Prince Harry has refused to sign a prenuptial agreement in advance of his wedding to Meghan Markle, it has been reported this week.
With less than two months to go before the Royal Wedding, many would have expected a prenup to have been put in place to safeguard the Royal Family’s substantial assets should the union end in divorce. Yet despite the considerable wealth of both parties, the Prince has decided to follow in the footsteps of his brother Prince William, who married Kate Middleton in 2011 without the benefit of an agreement.
Prince Charles also declined to sign a prenup before his wedding to Camilla Parker Bowles, even after the complicated legal wrangling of his divorce from Princess Diana in 1996. Diana was eventually awarded a settlement of around £17 million.
As reported in the Daily Mail newspaper “there was never any question in Harry’s mind that he would sign a prenup. He’s determined that his marriage will be a lasting one, so there’s no need for him to sign anything.”
Harry and Meghan were introduced by mutual friends before becoming engaged in November of last year. They currently live in Nottingham Cottage, on the Kensington Palace estate.
Prince Harry has a reported net worth of around £30 million, with most coming from a trust from his late mother Princess Diana, and the rest through bequests of other family members such as the Queen Mother. Therefore given that he does not own any of the family estates, the risk should the couple divorce is significantly lessened, as the vast majority of royal assets belong to the Queen. In any event, it would be unusual for a member of the Royal Family to seek a prenuptial agreement despite three of the Queen’s four children having divorced.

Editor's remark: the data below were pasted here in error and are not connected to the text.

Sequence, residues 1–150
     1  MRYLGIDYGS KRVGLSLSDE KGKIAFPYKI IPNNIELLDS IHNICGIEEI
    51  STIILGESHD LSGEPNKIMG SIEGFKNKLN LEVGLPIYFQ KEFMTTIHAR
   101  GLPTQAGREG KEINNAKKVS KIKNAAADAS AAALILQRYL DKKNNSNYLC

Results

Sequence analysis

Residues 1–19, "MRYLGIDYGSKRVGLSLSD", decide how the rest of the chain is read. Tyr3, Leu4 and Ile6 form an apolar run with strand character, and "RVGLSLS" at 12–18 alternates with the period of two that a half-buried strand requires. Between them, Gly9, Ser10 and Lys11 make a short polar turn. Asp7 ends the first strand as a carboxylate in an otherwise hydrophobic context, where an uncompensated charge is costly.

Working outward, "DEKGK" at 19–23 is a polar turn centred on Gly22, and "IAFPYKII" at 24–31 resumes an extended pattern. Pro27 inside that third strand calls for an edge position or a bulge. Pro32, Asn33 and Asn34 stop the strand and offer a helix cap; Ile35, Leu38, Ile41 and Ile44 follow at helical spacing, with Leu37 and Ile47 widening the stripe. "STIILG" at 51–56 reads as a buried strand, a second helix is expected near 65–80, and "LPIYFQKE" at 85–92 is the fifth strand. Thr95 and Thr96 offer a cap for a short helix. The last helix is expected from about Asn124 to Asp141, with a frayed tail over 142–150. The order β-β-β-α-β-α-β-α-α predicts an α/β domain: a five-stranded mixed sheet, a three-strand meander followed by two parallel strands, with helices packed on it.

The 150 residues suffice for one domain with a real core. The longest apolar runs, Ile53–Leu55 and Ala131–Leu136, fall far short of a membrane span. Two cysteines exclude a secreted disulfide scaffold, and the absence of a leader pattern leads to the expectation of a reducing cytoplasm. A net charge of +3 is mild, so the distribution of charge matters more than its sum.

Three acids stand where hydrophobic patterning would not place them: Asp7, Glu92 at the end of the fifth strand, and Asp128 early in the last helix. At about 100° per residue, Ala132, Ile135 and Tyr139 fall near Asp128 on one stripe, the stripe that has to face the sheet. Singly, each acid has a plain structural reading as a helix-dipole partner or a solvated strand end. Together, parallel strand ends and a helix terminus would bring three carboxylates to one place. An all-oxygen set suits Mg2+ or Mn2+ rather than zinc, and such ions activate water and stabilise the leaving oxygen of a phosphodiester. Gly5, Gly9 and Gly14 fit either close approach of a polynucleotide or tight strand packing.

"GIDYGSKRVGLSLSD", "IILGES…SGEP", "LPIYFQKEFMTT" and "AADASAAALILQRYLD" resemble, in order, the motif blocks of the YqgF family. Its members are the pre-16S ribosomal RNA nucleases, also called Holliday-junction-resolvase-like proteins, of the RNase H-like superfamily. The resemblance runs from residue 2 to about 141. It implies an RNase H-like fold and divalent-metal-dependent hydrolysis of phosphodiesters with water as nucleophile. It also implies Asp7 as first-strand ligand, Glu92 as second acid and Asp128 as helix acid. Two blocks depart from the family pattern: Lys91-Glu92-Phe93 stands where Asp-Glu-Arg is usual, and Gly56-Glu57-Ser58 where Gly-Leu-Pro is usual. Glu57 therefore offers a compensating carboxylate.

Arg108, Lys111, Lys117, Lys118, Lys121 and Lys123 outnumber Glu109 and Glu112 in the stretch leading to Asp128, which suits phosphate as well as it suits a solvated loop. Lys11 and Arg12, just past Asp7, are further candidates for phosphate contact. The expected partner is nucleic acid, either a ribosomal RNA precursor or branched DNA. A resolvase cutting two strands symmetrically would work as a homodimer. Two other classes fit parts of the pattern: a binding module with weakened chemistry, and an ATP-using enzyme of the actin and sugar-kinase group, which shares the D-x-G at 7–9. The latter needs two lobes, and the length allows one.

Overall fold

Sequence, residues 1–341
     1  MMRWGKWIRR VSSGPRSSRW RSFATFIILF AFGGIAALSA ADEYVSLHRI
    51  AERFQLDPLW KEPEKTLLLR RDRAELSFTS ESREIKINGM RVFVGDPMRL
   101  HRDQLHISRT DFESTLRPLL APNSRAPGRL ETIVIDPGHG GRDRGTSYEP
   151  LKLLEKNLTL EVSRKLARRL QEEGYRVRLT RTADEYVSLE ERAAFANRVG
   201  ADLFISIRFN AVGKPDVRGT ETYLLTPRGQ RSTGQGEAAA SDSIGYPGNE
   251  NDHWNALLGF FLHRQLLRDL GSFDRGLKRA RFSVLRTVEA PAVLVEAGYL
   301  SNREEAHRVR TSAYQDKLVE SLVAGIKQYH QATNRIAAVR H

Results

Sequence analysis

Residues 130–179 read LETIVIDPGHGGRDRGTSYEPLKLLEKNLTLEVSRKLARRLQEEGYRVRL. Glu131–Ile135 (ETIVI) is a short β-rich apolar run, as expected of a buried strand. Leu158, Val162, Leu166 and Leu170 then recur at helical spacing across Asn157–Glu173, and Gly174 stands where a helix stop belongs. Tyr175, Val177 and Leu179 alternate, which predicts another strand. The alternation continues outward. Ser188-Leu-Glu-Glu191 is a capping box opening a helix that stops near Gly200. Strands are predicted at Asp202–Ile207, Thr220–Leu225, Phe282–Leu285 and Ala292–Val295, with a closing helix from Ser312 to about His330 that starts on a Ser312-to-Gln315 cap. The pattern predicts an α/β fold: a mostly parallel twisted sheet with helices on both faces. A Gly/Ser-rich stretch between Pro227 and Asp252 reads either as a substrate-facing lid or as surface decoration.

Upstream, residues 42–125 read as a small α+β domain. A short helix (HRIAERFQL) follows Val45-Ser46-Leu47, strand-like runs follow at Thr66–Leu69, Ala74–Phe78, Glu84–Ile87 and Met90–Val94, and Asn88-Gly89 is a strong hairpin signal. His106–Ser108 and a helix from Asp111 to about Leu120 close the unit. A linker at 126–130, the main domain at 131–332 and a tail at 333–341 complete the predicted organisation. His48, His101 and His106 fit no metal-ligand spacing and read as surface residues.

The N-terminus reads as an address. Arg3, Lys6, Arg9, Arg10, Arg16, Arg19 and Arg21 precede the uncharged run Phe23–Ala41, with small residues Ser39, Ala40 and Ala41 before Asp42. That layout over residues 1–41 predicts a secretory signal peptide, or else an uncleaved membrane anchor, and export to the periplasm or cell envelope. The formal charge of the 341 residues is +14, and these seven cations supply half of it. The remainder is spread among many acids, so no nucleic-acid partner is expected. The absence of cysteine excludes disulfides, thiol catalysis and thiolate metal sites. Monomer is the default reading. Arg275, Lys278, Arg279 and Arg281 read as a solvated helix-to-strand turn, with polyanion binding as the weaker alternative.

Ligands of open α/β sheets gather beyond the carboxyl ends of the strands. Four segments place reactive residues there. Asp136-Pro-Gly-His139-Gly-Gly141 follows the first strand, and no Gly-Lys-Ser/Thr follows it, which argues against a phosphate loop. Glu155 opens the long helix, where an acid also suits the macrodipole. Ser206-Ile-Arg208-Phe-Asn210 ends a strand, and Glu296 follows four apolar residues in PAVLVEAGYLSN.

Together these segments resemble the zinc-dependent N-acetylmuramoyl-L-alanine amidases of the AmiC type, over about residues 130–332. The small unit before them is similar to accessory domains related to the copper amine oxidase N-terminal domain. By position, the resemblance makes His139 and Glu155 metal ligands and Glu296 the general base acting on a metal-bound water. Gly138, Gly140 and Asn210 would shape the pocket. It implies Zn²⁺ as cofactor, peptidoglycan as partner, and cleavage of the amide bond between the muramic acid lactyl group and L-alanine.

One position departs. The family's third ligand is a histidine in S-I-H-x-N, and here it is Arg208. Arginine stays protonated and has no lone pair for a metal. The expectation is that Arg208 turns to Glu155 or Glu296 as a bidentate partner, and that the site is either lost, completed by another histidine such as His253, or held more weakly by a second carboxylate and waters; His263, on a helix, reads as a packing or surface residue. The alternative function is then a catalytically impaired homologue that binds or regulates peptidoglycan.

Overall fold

However, the Prince is not the only one with assets to protect going into the upcoming union; Meghan Markle has amassed an approximate £4 million fortune of her own, with the actress earning around $50,000 per episode of the legal drama Suits. She starred for seven seasons as the character Rachel Zane in the hugely successful series.
Ms Markle was previously married to film producer Trevor Engelson, with whom she tied the knot in 2011. The pair were divorced in 2013, citing irreconcilable differences, after less than two years of marriage.
The Queen officially signed off the marriage of her ‘most dearly beloved grandson’ this week. The first six people in line to the throne must have the Queen’s consent before they can marry, according to the Succession to the Crown Act 2013. The others are Prince Charles, Prince William, Prince George, Princess Charlotte and Prince Andrew.
The couple will marry in St. George’s Chapel at Windsor Castle on Saturday 19th May. The royal wedding service will be conducted by David Connor, the Dean of Windsor, with the Archbishop of Canterbury, Dr Justin Welby, presiding as the couple make the vows to each other. Dr Welby also recently baptised Ms. Markle at a secret ceremony at the Chapel Royal.
Around 2,600 guests will be invited by the Royal family, including 1,200 members of the public who will have access to the Castle grounds.
In a statement, Kensington Palace said that "Prince Harry and Ms Markle would like their wedding day to be shaped to allow members of the public to share in the joy and the fun of the day."